This is a bit too old for your oldest, but something to keep in mind is The Friend magazine. Brayden and I read from it each morning before I get the girls up. He takes the lessons from the stories and really applies them to himeslf. I need to try this with Kaitlyn. I think she is too young for some of the stories, but I should make sure. They do have a few things for younger children in the magazine.

You can work on memorizing scriptures. Just do a little each day. We first did the articles of faith and are now going through the scripture mastery scriptures. The 10 commandments are another idea (which is a scripture mastery scripture).

Finally, always remember your example. Let your children see you praying, reading your scriptures, serving, etc. And be there when they ask questions.

Do you have a copy of this marriage and family relations manual? If not, you can go to LDS.org and read it online. It has great stuff on raising kids.

Oh, and check this blog out. I started it and got the help of several women. It is on child-friendly FHE lessons. http://fheforchildren.blogspot.com/

Plowmanators said...

Sargent Family,

My mom wasn't active (she was baptized and then stopped going after a few years), so I didn't grow up with a mom teaching me at home, either.

I think you are doing some great things. I like the playing children's songs. I play those during independent play. We also have a piano and I can pick the melody, so we will sit and play those. Doing that has started discussion on lots of topics. The kids naturally ask questions about what they are singing about, and when they ask the question , they are very attentive because they want to know.

FHE is excellent. Keep that up.

If you don't have them, I suggest you get those children's scriptures from distribution. They have one for each of the four standard works. They are great for teaching the stories. We read one story per night and just rotate through the four books.

Also, read the scriptures each day, too. Remember Elder Bednar's talk from last conference that even an infant can recognize the spirit felt when reading the scriptures. You don't have to read a lot. One page, one chapter, even on column, but get that habit going and bring that spirit into your home.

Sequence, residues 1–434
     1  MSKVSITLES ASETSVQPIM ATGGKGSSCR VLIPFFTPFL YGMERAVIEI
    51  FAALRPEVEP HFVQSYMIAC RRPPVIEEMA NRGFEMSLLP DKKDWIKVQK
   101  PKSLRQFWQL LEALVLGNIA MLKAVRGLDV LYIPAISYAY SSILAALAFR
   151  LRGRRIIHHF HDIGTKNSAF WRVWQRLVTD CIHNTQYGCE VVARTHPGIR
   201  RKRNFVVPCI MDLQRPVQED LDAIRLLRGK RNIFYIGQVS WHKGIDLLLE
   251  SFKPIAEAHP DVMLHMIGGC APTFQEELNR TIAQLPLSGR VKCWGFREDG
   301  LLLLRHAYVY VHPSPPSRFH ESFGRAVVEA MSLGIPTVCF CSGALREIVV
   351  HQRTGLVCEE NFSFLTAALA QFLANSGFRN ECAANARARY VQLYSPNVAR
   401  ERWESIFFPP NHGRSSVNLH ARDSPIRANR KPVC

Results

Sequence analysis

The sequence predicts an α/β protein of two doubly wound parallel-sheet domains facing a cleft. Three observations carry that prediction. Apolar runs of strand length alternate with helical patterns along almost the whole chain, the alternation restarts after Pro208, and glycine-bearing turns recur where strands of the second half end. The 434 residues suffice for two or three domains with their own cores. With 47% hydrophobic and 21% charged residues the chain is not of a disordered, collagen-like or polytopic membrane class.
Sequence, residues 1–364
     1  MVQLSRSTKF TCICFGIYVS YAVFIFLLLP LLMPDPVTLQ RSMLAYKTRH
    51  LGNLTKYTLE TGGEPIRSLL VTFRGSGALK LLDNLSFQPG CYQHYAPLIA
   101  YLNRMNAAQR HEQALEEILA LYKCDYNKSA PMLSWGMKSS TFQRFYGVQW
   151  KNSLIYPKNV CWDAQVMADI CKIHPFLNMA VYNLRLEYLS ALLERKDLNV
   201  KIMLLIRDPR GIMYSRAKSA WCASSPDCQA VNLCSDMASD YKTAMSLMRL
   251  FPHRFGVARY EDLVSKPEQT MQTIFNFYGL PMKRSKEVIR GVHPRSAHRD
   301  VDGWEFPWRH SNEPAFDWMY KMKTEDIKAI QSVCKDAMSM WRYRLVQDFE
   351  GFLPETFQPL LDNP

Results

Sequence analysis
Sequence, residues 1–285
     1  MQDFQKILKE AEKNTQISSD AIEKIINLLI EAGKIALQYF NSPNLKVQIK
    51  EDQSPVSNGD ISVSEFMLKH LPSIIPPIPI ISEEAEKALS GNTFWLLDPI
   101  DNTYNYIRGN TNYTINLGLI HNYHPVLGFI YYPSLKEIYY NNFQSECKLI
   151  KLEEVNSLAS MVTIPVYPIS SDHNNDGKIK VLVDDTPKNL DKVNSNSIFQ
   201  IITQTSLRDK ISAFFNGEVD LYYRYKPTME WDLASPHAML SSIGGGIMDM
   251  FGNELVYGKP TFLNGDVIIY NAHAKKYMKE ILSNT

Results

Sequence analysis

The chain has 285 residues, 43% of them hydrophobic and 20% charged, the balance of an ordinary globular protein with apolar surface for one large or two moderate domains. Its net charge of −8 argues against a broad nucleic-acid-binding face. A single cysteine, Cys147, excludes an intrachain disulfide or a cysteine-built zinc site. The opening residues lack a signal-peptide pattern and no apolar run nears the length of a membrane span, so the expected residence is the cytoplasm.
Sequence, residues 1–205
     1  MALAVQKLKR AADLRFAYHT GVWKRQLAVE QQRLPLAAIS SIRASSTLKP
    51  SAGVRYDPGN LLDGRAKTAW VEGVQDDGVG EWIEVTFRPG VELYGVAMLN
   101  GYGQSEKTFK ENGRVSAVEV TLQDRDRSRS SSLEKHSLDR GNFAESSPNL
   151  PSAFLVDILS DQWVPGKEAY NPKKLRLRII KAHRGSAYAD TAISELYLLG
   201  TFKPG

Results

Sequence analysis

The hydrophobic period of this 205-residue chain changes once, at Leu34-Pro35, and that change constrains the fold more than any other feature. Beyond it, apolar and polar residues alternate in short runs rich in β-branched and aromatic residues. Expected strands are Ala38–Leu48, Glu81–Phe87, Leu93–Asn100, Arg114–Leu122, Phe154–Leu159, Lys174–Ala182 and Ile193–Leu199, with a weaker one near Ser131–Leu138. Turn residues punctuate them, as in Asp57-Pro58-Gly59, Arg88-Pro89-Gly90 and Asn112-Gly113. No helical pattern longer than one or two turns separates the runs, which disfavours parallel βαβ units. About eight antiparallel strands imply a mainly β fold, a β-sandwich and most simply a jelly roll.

Be sure you have your family prayers daily.

This is a bit too old for your oldest, but something to keep in mind is The Friend magazine. Brayden and I read from it each morning before I get the girls up. He takes the lessons from the stories and really applies them to himeslf. I need to try this with Kaitlyn. I think she is too young for some of the stories, but I should make sure. They do have a few things for younger children in the magazine.

You can work on memorizing scriptures. Just do a little each day. We first did the articles of faith and are now going through the scripture mastery scriptures. The 10 commandments are another idea (which is a scripture mastery scripture).

Finally, always remember your example. Let your children see you praying, reading your scriptures, serving, etc. And be there when they ask questions.

Do you have a copy of this marriage and family relations manual? If not, you can go to LDS.org and read it online. It has great stuff on raising kids.

Oh, and check this blog out. I started it and got the help of several women. It is on child-friendly FHE lessons. http://fheforchildren.blogspot.com/

Plowmanators said...

Amy, it is true, DVR is great. For so many reasons!

Sargent Family said...

Thanks!! That is so much great information and I will make use of it! I love your blog and you have helped my family out so much already!

LinkWithin

Related Posts with Thumbnails